T.H.: Both of our boys got into college this year around the same time. So in keeping with Jessica [I’m doing everything together] and my timing of events in our lives, this is probably also about a week apart.
Jessica: Right, that they both got into their first choices where they applied early decision and are committed, and so that’s just amazing great news. For me though, I feel like it’s been a really hard year for me. Oh my god, all of a sudden, I started getting choked up. I don’t want to cry, but it’s been a really hard year for me. I’ve moved three times. I’ve been living out of boxes for over a year. I tried to buy an apartment, lost it, found another one, which is great, and now it’s being renovated. I’m living in a shit hole, surrounded by boxes. I’ve had to have my mover/storage guy come two or three times over the past however many months to bring me stuff that I had not anticipated that I would need because I kept thinking that I was going to have a place to live. I’ve been with my kids so much less in the last six months, or about five months since I’ve been in this rental. Obviously, getting divorced, it’s been really a lot. Like a lot. Working two full time jobs and draining my life savings. I don’t know…but despite it all, I really do try to keep things in perspective and not let myself too often go down the vortex of disappointment and depression of where I am, and where maybe I thought I’d be approaching 50. This is definitely not it.
But for everybody, look, we have our ups and we have our downs. I think that it’s okay to be like, fuck, this is not what I thought my life was going to be, but still be able to acknowledge the things that are positive in your life. I got to see my family over Thanksgiving. It was the first time we were all together in two years. My kids are healthy and thriving. I’m healthy and thriving.
T.H.: And you have great friends, and you learned to play poker this year. You’ve definitely gotten out of your comfort zone more than you would have. You’re learning how to be a marketing guru through exEXPERTS. And I’m learning how to be better with writing and interviewing people. You always have a smile on your face. We’ve interviewed so many people who talk about the inner narrator in your head that messages you whatever. I think that your positive person is still stronger than your negative voice.
Jessica: I think so too.
T.H.: And your life is great. I mean, you have worked hard and are paying for a home by yourself, for you and your children. That is really hard to do. That’s only you. You’re going to make another beautiful home. By the way, for anyone listening, this is the second time she has done this on her own, not the first. She did pick up the pieces from divorcing Leo and has maintained positive relationships with both of her ex-husbands and created a life for herself and for her kids. That’s very positive and uplifting and happy and really on your terms. And so those are the things that I think about. I mean, I’m not with you in that shit hole. I’ve never even seen it. But I have seen the new soon to be home. What I think about it is regardless of all the cosmetic stuff you did inside, she can see trees from her window in New York City downtown. For me, that would make my day.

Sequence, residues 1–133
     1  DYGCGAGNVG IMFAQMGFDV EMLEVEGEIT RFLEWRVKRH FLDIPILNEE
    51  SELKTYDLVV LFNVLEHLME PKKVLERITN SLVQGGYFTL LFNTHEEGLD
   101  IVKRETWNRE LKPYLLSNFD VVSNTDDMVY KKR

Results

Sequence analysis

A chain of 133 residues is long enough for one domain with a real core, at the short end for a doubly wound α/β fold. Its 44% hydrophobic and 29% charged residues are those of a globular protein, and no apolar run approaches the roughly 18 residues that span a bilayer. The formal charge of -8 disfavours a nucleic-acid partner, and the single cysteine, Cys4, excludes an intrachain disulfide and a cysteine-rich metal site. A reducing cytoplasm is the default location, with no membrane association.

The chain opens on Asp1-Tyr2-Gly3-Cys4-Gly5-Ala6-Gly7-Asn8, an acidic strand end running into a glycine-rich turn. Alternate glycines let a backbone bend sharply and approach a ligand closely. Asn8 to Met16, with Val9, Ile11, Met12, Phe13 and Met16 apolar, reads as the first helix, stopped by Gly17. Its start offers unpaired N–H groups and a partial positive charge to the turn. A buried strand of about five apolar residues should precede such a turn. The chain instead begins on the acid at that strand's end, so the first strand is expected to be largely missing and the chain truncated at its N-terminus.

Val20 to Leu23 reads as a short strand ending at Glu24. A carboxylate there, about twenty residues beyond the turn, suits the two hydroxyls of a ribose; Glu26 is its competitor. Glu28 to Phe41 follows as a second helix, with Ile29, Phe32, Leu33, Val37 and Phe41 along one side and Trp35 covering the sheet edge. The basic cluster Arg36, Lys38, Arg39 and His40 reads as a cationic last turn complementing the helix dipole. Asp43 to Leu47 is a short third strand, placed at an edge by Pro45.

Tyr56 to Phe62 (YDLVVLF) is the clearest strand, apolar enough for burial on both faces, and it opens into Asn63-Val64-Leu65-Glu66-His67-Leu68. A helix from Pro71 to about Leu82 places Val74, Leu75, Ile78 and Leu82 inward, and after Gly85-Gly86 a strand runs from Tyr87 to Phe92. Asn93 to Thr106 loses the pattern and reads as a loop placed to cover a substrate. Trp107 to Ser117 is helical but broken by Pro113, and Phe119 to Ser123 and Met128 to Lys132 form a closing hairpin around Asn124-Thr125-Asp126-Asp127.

Jessica: Yeah, it’s a very light–
T.H.: You see green outside my window and not like a concrete wall of somebody else’s window? And there’s so much light in her apartment.
Jessica: There is.
T.H.: So all the things that you can’t buy for her apartment, she also just happens to have at her new home, which she will be in by the time we do another Just Us.
Jessica: Hopefully. This is what I’ll say for everyone out there. First of all, get yourself a friend like T.H.
T.H.: I’ll be your friend!
Jessica: Because we talk about how important community is, and honestly, you need those pick me ups. But I will also say, and this is such a little interesting anecdote, but I agree with you when you say these–I don’t even know how…you just literally just said it, and I already forgot how you phrased it, but something about keeping things in perspective. I do feel the ‘problem’s’ that I have are, for lack of a better expression, first world problems. There are people that literally don’t have a roof over their heads and are starving–
T.H.: Don’t have food.
Jessica: Right, exactly. And I feel as with everything in life, this too shall pass.
I will figure out a way to make it work. I don’t feel like, thank god, that my problems are not that I don’t have a place to live, or that I can’t feed my kids. So I know that I have to keep it in perspective. I know that does keep me from complaining probably more than I do.
Because I feel like who am I and how do I have the right to even complain given my circumstances?